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Additional ‘little known’ SharePoint Dispose Guidelines

Posted at: 11:34 AM on 20 August 2009 by Muhimbi

dispose

If you have been a SharePoint developer for more than a day, it will come as no surprise that you need to take great care of manually disposing your objects. Much has been written on this subject, but there are still gaps in the SharePoint Community’s knowledge.

A couple of weeks ago we identified an undocumented requirement to call Dispose() on SPFile streams and today we are documenting a resource leak related to SharePoint’s fancy SiteAdministrationSelector class, which allows users of our Audit Suite to quickly switch between the audit logs for different Site Collections.

During our latest test cycle we were seeing the following line in our SharePoint Trace Logs every time our Audit Log Viewer was invoked, even when the SiteAdministrationSelector was hidden or disabled:

An SPRequest object was not disposed before the end of this thread.  To avoid wasting system resources, dispose of this object or its parent (such as an SPSite or SPWeb) as soon as you are done using it.  Due to flags specified at object creation, this will not be freed until processed by garbage collection.  Allocation Id: {F4F8B307-1F2C-4925-9C23-2A1EBED4B475}  To determine where this object was allocated, create a registry key at HKEY_LOCAL_MACHINE\SOFTWARE\Microsoft\Shared Tools\Web Server Extensions\HeapSettings.  Then create a new DWORD named SPRequestStackTrace with the value 1 under this key."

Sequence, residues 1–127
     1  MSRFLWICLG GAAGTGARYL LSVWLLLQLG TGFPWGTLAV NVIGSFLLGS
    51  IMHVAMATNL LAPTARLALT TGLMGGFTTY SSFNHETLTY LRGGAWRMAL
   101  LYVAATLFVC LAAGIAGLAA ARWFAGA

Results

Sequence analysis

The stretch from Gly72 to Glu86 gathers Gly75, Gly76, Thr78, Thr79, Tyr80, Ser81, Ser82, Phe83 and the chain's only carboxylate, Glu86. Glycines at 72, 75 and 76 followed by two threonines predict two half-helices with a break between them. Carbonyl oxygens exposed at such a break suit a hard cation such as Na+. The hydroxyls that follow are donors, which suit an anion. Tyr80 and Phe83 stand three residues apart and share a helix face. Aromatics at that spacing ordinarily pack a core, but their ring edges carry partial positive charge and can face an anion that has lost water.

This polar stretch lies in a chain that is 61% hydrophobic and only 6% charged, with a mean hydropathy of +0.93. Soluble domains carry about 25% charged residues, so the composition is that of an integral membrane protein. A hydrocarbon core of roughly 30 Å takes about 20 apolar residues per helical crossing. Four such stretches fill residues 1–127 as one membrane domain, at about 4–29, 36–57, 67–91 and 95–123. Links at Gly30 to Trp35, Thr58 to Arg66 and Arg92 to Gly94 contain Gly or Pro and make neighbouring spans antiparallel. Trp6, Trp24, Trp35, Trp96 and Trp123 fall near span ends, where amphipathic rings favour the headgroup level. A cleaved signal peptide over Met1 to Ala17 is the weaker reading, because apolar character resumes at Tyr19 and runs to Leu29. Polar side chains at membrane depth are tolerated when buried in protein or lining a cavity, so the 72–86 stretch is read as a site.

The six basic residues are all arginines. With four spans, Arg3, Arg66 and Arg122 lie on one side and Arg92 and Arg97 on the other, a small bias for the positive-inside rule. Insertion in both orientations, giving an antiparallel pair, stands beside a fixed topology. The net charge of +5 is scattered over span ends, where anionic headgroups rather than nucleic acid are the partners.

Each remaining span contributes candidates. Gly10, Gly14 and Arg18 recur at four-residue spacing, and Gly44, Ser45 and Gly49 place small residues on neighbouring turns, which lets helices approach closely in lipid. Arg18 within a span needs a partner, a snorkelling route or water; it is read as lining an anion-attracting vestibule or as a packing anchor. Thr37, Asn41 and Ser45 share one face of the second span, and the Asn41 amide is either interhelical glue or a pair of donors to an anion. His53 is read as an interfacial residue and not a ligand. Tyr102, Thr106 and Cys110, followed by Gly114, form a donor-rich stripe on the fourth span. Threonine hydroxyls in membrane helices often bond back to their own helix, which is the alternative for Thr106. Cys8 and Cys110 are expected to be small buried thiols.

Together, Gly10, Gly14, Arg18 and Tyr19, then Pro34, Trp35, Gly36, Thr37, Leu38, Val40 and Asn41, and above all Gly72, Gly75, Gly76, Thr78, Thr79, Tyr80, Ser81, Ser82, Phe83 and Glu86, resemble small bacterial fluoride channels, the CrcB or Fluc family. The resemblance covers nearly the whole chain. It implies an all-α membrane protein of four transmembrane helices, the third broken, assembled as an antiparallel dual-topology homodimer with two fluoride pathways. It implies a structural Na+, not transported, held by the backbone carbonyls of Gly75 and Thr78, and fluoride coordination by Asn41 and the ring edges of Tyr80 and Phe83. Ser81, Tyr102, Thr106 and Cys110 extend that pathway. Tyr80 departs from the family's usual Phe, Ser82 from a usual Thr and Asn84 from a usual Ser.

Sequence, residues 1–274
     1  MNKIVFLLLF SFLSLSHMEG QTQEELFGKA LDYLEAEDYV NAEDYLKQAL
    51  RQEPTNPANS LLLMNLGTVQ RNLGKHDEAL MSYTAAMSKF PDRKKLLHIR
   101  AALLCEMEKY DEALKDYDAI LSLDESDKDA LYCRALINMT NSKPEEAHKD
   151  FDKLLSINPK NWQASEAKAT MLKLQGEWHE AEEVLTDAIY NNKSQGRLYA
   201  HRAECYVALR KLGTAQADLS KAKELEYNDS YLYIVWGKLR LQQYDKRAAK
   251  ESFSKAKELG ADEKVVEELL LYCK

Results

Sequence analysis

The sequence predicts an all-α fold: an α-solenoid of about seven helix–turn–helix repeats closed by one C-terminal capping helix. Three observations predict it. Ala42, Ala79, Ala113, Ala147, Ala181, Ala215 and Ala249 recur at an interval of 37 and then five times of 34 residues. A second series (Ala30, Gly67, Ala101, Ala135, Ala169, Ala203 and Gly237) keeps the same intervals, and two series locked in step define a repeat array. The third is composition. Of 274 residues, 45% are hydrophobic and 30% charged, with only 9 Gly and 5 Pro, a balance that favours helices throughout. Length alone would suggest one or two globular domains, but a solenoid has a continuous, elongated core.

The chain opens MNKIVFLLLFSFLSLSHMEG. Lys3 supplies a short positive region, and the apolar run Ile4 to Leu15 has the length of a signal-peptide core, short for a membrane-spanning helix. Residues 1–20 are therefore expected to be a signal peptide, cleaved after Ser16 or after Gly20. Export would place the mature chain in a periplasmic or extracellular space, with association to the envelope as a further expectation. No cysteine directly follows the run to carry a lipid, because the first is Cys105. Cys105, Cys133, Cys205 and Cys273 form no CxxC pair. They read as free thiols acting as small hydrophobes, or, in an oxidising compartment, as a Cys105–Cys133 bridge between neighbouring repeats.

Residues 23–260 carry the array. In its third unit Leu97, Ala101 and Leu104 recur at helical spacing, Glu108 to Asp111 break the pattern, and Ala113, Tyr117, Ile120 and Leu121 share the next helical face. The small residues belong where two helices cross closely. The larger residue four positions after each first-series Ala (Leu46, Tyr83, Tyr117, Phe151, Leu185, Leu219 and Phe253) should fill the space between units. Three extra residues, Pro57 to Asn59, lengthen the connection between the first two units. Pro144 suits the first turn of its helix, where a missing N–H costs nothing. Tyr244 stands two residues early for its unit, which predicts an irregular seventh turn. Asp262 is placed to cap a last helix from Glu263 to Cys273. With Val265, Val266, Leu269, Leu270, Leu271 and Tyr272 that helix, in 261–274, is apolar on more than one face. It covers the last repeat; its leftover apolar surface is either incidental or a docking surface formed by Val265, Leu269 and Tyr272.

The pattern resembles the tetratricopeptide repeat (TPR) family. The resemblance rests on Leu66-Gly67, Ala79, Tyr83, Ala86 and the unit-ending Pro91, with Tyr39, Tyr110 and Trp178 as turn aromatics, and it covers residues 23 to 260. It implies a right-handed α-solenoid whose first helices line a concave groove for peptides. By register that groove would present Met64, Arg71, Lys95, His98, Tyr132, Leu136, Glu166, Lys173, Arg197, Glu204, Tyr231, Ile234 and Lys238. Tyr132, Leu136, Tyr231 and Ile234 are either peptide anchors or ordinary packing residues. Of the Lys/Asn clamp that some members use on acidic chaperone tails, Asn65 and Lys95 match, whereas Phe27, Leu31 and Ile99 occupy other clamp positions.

As we are avid users of SPDisposeCheck we were pretty sure we were not leaking any obvious SPSite or SPWeb resources. We tried explicitly disposing the SiteAdministrationSelector in the OnUnload event, but no luck. After several more, and increasingly desperate, attempts we found out that the object that requires disposing is the CurrentItem property, leaving us with the following OnUnload event.
 

protected override void OnUnload(EventArgs e)
{
    try
    {
        // ** Dispose the selected site in the selector. See bug #373
        if(siteCollectionSelector.CurrentItem != null)
            siteCollectionSelector.CurrentItem.Dispose();                
 
        // ** Dispose our global objects
        if (_selectedSite != null && _disposeSelectedSite == true)
            _selectedSite.Dispose();
        if (_selectedWeb != null && _disposeSelectedWeb == true)
            _selectedWeb.Dispose();
    }
    catch (Exception ex)
    {
        ExceptionHelper.ProcessException(ex, this);
    }
}

 

Additional topics regarding the prevention of resource leaks in SharePoint are discussed in section 7.11 of our SharePoint development guidelines. Download your free copy here.






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